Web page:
Only available on StudyMode
  • Topic: Earthworm, Soil biology, Annelid
  • Pages : 6 (1895 words )
  • Download(s) : 543
  • Published : February 5, 2006
Open Document
Text Preview
How Does Temperature Effect Earthworms?


When one thinks of earthworms usually one thinks about slimy and nasty creatures that are only used for fishing. Wrong! If there were no worms on earth, farms and many plants could not be properly maintained. This paper will explain how important earthworms are to the earth and to our environment. In addition, this paper will cover the origin of an earthworm, the anatomy and other important characteristics.

The origin of earthworms were said to be on earth around 200 millions ago. Their ancestors were marine worms, existing before there was even soil on this planet and vegetation. These worms underwent a slow process of adapting themselves to a new environment. If worms were on earth, they would have been wiped out due to the ice age. The early European settlers brought them back to North America during the 17th and 18th centuries. Many famous scientists studied earthworms such as Aristotle and Charles Darwin. Aristotle called earthworms "bowels of the earth".

Many people do not know how earthworms get around without features that other animals have. For example, earthworms have no eyes to see where they are going underground. They use the lights and vibrations from the ground to direct them on where they are going. Their skin is very sensitive to touch and chemicals of any kind. In addition, worms have sense organs that work like their noses. They are located in the front of the worms head.

Earthworms obtain their food very differently and eat lots of nutrients. For example, they do not have any teeth so earthworms use their mouth muscles in order to obtain food. At night, the earthworms come to the surface to take fallen leaves and grass clippings into their burrow to eat. Most the time, night crawlers eat soil while traveling through it and gain all their nutrients. They also use soil to help digest their food. Some earthworms are able to eat their own weight each day. They also produce 60% percent of urine, which contains a high level of nitrogen. The exchange gases though their skin and eliminates cellular waste and excess water through excretory tubules called nephridia.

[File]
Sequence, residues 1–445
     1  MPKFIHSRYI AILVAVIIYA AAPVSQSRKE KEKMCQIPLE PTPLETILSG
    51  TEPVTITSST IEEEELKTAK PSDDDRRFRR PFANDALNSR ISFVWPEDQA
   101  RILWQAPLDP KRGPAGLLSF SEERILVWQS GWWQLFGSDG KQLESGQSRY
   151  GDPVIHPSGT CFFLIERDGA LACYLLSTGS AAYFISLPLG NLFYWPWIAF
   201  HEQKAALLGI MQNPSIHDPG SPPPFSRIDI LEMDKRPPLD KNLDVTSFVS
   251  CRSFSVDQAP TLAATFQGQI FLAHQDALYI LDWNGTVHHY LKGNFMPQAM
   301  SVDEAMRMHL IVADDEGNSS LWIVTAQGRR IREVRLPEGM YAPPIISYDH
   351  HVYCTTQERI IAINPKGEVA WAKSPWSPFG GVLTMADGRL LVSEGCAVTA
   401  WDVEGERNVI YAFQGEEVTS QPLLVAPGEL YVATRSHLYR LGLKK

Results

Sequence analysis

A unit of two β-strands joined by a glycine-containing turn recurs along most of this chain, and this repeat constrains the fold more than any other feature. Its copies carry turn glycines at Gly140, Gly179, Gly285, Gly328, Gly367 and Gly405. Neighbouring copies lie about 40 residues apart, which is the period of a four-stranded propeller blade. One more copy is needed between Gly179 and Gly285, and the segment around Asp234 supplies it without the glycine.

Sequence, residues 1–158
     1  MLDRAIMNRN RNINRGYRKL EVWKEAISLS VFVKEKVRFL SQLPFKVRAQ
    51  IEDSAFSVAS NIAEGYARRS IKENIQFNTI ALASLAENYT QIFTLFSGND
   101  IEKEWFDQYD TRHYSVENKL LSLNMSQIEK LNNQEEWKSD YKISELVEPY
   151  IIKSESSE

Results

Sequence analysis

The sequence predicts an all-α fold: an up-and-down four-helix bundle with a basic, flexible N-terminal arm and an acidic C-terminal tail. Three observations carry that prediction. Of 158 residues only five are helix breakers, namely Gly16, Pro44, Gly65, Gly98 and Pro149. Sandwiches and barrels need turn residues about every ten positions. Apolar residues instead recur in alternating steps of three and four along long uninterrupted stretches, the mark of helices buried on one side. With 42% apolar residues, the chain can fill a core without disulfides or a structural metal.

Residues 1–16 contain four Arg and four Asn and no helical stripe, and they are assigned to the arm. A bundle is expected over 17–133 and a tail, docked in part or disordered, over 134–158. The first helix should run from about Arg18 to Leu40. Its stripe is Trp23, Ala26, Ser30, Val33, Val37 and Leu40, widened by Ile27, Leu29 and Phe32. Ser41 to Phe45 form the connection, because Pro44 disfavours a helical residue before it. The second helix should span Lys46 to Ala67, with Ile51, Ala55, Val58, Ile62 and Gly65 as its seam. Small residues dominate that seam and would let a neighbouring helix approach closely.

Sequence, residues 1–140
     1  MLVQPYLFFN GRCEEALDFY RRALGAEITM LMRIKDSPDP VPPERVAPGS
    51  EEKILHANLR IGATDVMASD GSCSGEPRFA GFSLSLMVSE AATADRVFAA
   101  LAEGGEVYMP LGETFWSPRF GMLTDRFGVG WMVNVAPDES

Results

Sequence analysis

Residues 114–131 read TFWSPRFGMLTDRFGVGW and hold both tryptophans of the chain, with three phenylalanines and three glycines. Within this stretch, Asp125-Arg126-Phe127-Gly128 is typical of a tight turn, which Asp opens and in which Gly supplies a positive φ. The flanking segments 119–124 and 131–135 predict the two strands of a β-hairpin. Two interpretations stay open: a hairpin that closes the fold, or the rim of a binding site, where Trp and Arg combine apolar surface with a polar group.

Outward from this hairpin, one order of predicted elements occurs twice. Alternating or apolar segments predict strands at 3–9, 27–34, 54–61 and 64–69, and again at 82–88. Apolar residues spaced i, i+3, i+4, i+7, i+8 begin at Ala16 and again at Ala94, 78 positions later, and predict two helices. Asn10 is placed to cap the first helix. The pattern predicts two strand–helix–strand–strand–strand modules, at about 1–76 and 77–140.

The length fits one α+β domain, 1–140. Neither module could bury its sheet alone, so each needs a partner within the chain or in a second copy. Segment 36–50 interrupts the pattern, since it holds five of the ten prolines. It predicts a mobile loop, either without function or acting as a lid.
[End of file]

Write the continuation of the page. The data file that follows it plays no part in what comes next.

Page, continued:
All earthworms get their air though their skin, because they do not have any lungs. They are just like humans absorbing oxygen and breathing carbon dioxide. When it rains many earthworms come to the surface, because water can block the air through the skin, which causes them to suffocate. This event is very dangerous during the day because earthworms can die when exposed to UV sunlight, be stepped on or even be eaten by a bird. They can get oxygen from little small portions of water. Worms should not be in direct sunlight. They are sensitive to light, that's why they spend their time underground. In very hot days, earthworms would leave their beds. Earthworms have an other name they go by. The name night crawlers got their name because people thought they come and walk around at night time. They are found only in rich and productive soils and that therefore it is the rich soil that aids earthworms.

Earthworms live in a tunnel called a burrow. There are two types of burrows: temporary and permanent. Temporary are burrows that earthworms move from one place to other looking for food. Permanent burrows are the actual homes to the earthworms. They are usually in a good environment and near a good food source. The permanent burrows are formed vertically. Permanent burrows have numerous branches and side tunnels. Earthworms live in these burrows for the rest of their life. Researches indicated that the night crawler is a slow builder of burrows, taking from four to six weeks to burrow only eight inches into the soil. Many burrows are destroyed by moles. The night crawler will begin repairs immediately and complete them in a matter of days or weeks. Up to two-thirds of the space in the ground is made up...
tracking img